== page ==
Sunday, 13 October 2019 16:43

Sacrament of reconciliation and purification from sin - How to make a good confession

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The first step in making a good confession is an examination of conscience that walks us through the Ten Commandments or other listings of sins. The examination of conscience asks penetrating questions that helps us to know ourselves and recognize our faults. If we do not examine our conscience, we may fail to realize our sins and weaknesses.

 

The first step in making a good confession is an examination of conscience that walks us through the Ten Commandments or other listings of sins. The examination of conscience asks penetrating questions that helps us to know ourselves and recognize our faults. If we do not examine our conscience, we may fail to realize our sins and weaknesses.

The church requiring us to confess sins that may be mortal in nature, as well as their frequency helps the confessor to assess the seriousness of our situation. We should confess all other sins, but they are forgiven even if we forget to confess them. If we remember a mortal sin after we exit the confessional, we are forgiven, but we should confess that sin at our next confession. If we have intentionally withheld the confessing of a mortal sin, this in itself is a sin of sacrilege, and must be confessed. We need only trust God’s mercy and relieve ourselves of all spiritual burdens. The grace, freedom and joy received from this sacrament far outweighs the difficulty in confessing our sins.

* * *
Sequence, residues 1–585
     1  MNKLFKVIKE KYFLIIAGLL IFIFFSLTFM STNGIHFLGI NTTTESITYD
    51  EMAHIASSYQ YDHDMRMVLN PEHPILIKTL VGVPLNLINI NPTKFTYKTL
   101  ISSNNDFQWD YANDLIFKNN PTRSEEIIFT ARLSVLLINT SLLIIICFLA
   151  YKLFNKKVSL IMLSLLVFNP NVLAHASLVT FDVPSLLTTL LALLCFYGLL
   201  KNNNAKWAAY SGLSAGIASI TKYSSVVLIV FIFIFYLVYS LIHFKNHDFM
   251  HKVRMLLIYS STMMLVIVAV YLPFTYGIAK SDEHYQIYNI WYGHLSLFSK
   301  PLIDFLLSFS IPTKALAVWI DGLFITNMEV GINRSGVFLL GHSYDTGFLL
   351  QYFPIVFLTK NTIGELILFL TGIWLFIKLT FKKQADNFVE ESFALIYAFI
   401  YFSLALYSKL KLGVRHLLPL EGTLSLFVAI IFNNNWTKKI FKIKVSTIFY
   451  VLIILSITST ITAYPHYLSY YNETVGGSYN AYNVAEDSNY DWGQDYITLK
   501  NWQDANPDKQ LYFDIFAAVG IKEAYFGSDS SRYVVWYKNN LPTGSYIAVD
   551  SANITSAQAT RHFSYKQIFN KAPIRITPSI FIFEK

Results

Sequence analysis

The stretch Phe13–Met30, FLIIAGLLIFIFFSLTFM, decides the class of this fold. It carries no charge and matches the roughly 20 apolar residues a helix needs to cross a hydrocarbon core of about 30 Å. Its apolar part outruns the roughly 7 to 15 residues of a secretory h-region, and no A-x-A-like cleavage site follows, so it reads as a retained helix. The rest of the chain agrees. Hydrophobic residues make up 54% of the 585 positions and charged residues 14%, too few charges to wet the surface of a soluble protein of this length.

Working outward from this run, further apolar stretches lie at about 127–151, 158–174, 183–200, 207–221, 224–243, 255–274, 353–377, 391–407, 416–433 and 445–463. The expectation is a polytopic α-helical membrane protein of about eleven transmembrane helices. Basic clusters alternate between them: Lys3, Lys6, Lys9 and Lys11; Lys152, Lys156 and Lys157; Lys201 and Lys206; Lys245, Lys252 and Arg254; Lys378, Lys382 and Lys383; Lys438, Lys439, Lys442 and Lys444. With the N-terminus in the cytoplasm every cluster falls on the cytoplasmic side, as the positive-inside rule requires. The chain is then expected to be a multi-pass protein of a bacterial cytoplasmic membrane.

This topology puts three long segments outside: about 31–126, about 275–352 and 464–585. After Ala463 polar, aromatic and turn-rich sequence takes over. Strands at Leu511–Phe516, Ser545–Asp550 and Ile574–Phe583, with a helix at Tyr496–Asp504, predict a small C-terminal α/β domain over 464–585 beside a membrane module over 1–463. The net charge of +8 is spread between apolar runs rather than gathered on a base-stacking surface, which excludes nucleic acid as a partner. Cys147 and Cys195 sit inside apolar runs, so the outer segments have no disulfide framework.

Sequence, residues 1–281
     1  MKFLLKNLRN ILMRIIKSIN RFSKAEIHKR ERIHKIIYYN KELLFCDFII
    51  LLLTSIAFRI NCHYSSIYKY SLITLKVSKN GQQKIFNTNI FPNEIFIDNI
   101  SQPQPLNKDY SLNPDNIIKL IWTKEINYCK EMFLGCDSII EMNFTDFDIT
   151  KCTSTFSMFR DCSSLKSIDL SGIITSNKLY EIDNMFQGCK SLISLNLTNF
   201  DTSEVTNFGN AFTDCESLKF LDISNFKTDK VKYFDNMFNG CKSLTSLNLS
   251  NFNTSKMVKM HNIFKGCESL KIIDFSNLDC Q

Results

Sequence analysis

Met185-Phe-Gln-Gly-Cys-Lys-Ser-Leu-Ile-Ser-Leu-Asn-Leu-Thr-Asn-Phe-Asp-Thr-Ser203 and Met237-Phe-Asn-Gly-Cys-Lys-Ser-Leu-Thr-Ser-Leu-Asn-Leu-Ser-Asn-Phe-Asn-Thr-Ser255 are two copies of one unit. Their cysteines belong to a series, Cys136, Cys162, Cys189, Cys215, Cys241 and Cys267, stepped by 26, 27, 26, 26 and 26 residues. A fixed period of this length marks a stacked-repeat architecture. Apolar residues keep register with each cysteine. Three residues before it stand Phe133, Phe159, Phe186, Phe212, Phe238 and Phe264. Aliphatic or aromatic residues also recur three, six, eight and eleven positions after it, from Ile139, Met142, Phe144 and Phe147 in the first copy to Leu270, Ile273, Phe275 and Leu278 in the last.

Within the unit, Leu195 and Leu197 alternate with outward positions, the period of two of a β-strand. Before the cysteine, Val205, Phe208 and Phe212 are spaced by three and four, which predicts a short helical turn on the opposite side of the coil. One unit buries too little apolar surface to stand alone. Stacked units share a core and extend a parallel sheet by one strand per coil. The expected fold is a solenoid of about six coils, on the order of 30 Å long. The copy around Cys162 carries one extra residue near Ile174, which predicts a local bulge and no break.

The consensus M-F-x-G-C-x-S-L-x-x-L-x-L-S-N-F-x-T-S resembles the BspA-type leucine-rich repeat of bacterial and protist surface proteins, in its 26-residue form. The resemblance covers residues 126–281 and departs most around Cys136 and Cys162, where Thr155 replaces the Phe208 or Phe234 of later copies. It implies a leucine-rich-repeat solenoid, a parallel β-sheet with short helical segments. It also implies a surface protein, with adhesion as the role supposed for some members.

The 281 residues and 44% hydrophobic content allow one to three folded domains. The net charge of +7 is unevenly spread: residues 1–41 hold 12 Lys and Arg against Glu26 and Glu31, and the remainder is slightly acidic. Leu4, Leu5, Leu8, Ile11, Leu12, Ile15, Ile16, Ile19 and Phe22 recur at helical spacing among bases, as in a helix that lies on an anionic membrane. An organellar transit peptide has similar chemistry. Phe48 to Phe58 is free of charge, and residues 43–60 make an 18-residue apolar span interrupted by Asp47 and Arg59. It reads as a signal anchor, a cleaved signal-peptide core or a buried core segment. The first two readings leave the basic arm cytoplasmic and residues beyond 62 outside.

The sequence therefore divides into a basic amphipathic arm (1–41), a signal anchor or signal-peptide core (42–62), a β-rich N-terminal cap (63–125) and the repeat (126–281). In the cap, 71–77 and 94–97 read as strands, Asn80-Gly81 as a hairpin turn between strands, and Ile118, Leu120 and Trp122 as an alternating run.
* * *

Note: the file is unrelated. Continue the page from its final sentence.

Once inside the confessional with the priest, we begin by saying, “Bless me Father, for I have sinned. It has been (weeks, months or years) since my last confession.” We begin to tell the priest our sins. After confessing all sins, it is a good idea to say something to the effect, “For these sins and all my sins that I cannot remember, I am truly sorry.”

It is strongly recommended to offer the penance given to us by the priest immediately after leaving the confessional. While in the confessional, the sacramental nature of the priest’s absolution offers us God’s own forgiveness, which eliminates the eternal punishment for our sin.

Eternal punishment refers to hell — the punishment of eternal death warranted for the entire human race due to Adam and Eve’s sin. This is what is forgiven by the sacrament; however, the temporal punishment remains. This refers to our attachment to created realities over God. These attachments need to be rehabilitated by God’s grace. This is what happens when we offer the penance of the priest, and any other sacrifices and mortifications that we practice. This is how we overcome our disordered desires for placing the love of things above the love of God.

Next Issue: Refresher on the difference between mortal and venial sin.